A Chromebook You Say?

via Google

via Google

Before you say anything, hear me out.

I love my Macbook Pro. I’ve had no problems with it since I bought it over two years ago. It’s a little beat up, but it’s with me every day.

I’ve wanted an iPad or tablet for some time now. It’s more of a fascination, but I’ve never really thought I’d ever get one. It’s nice to think that I need one, but with my iPhone and laptop, I have all that I need.

Or do I?

I get nervous leaving my laptop in my car and lugging it around each day. I’d like to have a secondary laptop just for work and browsing that I can use and, to be frank, beat up without having to shell out another $1,600.

I think having a Chromebook, or something like it, would lighten my bag and ease my anxiety with my Macbook Pro. All I use my laptop for at work is browsing/typing/emailing and that’s it. I’m not really doing anything off-line. I’m not saving anything. (The Chromebook doesn’t let you save anything, yet, with Google Drive you can)

It all makes sense to me, including the price. I have $250. That’s manageable. The iPad I wanted, along with the accessories was over a grand. It’s going to save me the hassle of lugging my laptop around, while, at the same time, making my life so much easier. At least I think it will.

CNET says “Overall, the Samsung Chromebook is a solid device for the price when used for occasional Web tasks, especially for Google-centric people.”

MIT Technology Review says “At $249, the Wi-Fi-only Samsung Chromebook is worth buying for anyone who wants a cheap, functional laptop that’s also light and responsive. Acer’s $199 Chromebook is probably also a good buy. But if Google wants its computers to make sense as anything more than the cheapest serviceable laptops on the market, it will have to either subsidize 3G data or fix Chrome OS’s offline limitations.”

Citeworld says “I have to admit despite the limitations, I enjoyed using this machine and in many ways, I wish it were a bit better quality than it is, but given that it’s just $249, it’s really an amazing deal and would make an ideal machine for a student or as a second device for leaving around the house or for traveling when you wanted a device with a built-in keyboard, rather than using a tablet.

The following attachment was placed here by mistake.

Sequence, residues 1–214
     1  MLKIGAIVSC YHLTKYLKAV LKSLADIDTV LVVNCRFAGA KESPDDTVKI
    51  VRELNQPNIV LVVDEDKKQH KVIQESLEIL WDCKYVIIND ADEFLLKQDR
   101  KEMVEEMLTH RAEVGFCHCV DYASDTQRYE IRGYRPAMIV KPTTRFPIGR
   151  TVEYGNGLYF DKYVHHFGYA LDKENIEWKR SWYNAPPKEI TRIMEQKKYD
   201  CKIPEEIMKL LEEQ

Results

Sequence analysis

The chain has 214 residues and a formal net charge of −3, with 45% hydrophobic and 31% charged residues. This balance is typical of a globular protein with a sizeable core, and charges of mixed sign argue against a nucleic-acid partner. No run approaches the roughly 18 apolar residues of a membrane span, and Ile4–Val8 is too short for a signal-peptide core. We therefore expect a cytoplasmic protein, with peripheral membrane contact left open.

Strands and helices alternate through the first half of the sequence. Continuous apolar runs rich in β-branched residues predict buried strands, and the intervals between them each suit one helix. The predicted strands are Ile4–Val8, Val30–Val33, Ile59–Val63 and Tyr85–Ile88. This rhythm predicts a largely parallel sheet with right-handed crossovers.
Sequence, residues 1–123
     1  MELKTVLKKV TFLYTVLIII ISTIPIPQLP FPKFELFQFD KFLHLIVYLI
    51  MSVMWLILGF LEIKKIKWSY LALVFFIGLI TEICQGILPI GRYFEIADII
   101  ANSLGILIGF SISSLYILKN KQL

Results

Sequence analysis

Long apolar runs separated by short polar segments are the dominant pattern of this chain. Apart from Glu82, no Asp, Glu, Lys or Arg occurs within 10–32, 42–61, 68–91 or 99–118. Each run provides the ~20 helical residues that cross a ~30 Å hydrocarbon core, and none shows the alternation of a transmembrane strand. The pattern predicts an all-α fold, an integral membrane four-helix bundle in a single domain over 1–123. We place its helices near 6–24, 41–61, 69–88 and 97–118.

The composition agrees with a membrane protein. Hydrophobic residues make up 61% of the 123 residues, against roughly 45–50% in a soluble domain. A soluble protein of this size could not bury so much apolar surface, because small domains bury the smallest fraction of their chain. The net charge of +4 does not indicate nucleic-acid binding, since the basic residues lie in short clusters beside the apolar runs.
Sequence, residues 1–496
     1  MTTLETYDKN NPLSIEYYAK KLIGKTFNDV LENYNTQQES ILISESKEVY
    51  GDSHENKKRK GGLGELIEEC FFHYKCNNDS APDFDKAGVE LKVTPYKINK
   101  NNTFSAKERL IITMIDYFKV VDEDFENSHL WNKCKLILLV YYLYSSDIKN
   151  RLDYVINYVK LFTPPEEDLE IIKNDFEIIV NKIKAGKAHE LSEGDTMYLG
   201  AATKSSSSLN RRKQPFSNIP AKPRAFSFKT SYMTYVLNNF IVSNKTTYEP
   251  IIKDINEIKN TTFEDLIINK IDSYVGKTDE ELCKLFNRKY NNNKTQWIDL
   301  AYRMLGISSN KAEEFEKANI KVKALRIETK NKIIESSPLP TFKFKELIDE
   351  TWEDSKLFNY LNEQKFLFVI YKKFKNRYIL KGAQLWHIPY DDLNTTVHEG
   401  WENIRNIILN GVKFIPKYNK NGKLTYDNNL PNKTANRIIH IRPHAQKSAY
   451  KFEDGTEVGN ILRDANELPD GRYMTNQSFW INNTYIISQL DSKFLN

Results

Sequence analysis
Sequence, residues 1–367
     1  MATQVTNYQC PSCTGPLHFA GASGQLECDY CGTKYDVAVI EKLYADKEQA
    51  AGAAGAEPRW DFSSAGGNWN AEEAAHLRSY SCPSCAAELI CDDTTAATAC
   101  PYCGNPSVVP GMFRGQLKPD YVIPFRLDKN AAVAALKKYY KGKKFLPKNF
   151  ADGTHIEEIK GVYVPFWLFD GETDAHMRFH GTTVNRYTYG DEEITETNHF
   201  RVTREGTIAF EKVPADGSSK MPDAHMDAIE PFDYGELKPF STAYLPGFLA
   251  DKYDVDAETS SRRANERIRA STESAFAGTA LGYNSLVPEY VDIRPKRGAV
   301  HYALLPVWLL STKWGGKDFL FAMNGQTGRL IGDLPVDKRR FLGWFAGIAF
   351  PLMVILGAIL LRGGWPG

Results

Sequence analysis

In the end, though, it seems that if the tablet killed the netbook and has had a significant impact on laptop sales, ultimately consumers might prefer to use a tablet for the same type of functions — and get better hardware for a similar price point.”

That doesn’t make this decision easy for me, at all. I would like to get something in the next six months.

Google could come out with a whole new design/hardware package with their Chromebook line. I’m more than inclined to wait for them. In the mean time, I’m going to keep reading reviews and seeing what’s out there. My budge is tight and that’s something I have to pay attention to.

Why am I writing about this?

Well, it’s simple. With money always being a concern for everyone, I figured that it would be wise to highlight what I’m thinking about doing with mine. There always things that we want, but there also things that we need. I really think a Chromebook is a wise decision for a reporter, myself included.

To be continued…

Jonathan

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One Response to A Chromebook You Say?

  1. Pingback: My Chromebook | Just Starting Out

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